Yesterday was the 132nd anniversary of the Gunfight at the OK Corral, which I used as an excuse to write a piece I have been wanting to write for a while. Having already written about my particular and peculiar enthusiasm for Tombstone and the Old West for the Washington Post Magazine, and done my best to explain the events that led up to the gunfight for Discovery Channel News, my latest was for, of all outlets, ESPN. The story is the little-known tale of how Wyatt Earp was persuaded to referee a heavyweight title fight and how, in the fight's aftermath, he became so hated for the actions he took in the ring, that he was hounded out of town. Enjoy. Read More
October 24, 2013
From the Ezra Klein 'Wonkbook' morning email:
Yup. Read More
The classic definition of chutzpah is the child who kills his parents and then asks for leniency because he's an orphan. But in recent weeks, we've begun to see the Washington definition: A party that does everything possible to sabotage a law and then professes fury when the law's launch is rocky.
On Tuesday, Rep. Paul Ryan became the latest Republicans to call for HHS Secretary Kathleen Sebelius to step down because of the Affordable Care Act's troubled launch. "I do believe people should be held accountable," he said.
How about House Republicans who refused to appropriate the money the Department of Health and Human Services said it needed to properly implement Obamacare?
How about Senate Republicans who tried to intimidate Sebelius out of using existing HHS funds to implement Obamacare? "Would you describe the authority under which you believe you have the ability to conduct such transfers?" Sen. Orrin Hatch demanded at one hearing. It's difficult to imagine the size of the disaster if Sebelius hadn't moved those funds.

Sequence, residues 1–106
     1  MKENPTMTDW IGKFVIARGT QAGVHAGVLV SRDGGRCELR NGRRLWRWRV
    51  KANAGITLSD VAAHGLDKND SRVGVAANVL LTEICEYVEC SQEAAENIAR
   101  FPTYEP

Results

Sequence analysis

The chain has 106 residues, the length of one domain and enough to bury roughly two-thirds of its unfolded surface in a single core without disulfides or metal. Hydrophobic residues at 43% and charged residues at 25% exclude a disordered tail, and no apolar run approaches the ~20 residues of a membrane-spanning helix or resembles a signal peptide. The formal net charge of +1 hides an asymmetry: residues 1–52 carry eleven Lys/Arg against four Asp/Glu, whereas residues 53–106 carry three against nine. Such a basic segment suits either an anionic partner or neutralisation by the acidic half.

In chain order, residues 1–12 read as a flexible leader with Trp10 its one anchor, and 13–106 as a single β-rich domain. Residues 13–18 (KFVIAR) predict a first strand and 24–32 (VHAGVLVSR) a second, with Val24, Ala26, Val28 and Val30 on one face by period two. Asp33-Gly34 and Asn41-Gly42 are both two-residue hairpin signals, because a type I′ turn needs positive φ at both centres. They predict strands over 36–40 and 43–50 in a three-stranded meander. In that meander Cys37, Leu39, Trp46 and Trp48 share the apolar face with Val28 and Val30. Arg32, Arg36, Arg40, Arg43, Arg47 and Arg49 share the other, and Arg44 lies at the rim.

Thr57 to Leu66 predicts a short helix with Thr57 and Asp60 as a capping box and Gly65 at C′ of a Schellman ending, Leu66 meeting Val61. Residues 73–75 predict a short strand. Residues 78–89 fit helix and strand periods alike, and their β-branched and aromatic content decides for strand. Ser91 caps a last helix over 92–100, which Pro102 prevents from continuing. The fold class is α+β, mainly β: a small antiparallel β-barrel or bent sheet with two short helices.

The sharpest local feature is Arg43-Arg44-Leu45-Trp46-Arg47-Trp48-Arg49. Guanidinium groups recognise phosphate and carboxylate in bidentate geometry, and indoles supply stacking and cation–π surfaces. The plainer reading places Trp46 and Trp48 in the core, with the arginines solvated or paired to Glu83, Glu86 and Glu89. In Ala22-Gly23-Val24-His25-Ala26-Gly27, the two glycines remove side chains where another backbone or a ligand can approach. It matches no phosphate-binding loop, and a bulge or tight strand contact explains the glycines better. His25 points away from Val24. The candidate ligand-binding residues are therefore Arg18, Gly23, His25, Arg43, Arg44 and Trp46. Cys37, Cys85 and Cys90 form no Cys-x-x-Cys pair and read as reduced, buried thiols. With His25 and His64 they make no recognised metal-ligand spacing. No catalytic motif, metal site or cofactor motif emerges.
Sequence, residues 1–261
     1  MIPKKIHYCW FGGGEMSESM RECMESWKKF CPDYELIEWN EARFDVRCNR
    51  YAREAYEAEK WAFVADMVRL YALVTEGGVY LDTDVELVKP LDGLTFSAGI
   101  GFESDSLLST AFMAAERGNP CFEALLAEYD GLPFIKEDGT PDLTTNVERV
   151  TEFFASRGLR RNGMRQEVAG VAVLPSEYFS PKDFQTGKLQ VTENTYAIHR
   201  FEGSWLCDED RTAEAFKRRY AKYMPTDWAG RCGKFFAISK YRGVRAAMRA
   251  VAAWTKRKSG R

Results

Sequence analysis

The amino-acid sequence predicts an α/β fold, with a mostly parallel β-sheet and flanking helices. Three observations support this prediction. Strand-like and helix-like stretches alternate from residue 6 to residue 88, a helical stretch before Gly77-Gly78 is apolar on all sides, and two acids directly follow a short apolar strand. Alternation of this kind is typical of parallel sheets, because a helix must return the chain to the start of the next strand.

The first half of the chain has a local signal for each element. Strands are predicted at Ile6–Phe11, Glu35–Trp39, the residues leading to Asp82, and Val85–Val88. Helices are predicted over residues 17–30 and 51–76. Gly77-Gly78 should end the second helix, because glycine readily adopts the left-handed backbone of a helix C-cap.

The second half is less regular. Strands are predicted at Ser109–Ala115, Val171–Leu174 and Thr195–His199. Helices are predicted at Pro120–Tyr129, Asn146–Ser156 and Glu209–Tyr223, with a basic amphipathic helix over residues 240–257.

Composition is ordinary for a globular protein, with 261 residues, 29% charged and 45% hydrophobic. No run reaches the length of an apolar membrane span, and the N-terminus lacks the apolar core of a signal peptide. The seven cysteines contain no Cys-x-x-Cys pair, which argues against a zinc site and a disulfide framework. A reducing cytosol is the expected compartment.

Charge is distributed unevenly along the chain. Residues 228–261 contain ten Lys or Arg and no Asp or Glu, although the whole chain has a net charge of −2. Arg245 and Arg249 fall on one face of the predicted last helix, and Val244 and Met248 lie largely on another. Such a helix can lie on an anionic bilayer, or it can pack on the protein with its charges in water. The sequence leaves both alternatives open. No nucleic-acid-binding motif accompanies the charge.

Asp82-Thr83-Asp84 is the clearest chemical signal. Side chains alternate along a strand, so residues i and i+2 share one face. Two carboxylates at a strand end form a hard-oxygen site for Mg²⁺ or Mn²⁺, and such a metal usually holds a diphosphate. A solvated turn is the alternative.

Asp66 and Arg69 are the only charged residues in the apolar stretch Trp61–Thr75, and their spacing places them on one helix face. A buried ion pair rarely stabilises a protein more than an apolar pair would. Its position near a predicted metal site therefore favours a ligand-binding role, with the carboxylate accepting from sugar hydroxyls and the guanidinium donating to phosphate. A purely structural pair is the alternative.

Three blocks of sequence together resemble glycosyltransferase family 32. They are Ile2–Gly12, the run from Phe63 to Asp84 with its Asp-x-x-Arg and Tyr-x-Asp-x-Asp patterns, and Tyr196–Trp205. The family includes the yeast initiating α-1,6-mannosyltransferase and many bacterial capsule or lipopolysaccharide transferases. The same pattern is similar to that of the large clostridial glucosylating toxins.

How about congressional Republicans who refuse to permit the packages of technical fixes and tweaks that laws of this size routinely require?
How about Republican governors who told the Obama administration they absolutely had to be left to build their own health-care exchanges -- you'll remember that the House Democrats' health-care plan included a single, national exchange -- and then refused to build, leaving the construction of 34 insurance marketplaces up to HHS?
How about the coordinated Republican effort to get the law declared unconstitutional -- an effort that ultimately failed, but that stalled implementation as government and industry waited for the uncertainty to resolve?
How about the dozens of Republican governors who refused to take federal dollars to expand Medicaid, leaving about 5.5 million low-income people who'd be eligible for free, federally-funded government insurance to slip through the cracks?
The GOP's strategy hasn't just tried to win elections and repeal Obamacare. They've actively sought to sabotage the implementation of the law. They intimidated the people who were implementing the law. They made clear that problems would be exploited rather than fixed. A few weeks ago, they literally shut down the government because they refused to pass a funding bill that contiained money for Obamacare.
The Obama administration deserves all the criticism it's getting for the poor start of health law and more. Their job was to implement the law effectively -- even if Republicans were standing in their way. So far, it's clear that they weren't able to smoothly surmount both the complexities of the law and the political roadblocks thrown in their path. Who President Obama will ultimately hold accountable -- if anyone -- for the failed launch is an interesting question.
But the GOP's complaints that their plan to undermine the law worked too well and someone has to pay border on the comic. If Republicans believe Sebelius is truly to blame for the law's poor launch, they should be pinning a medal on her.
Yup. Read More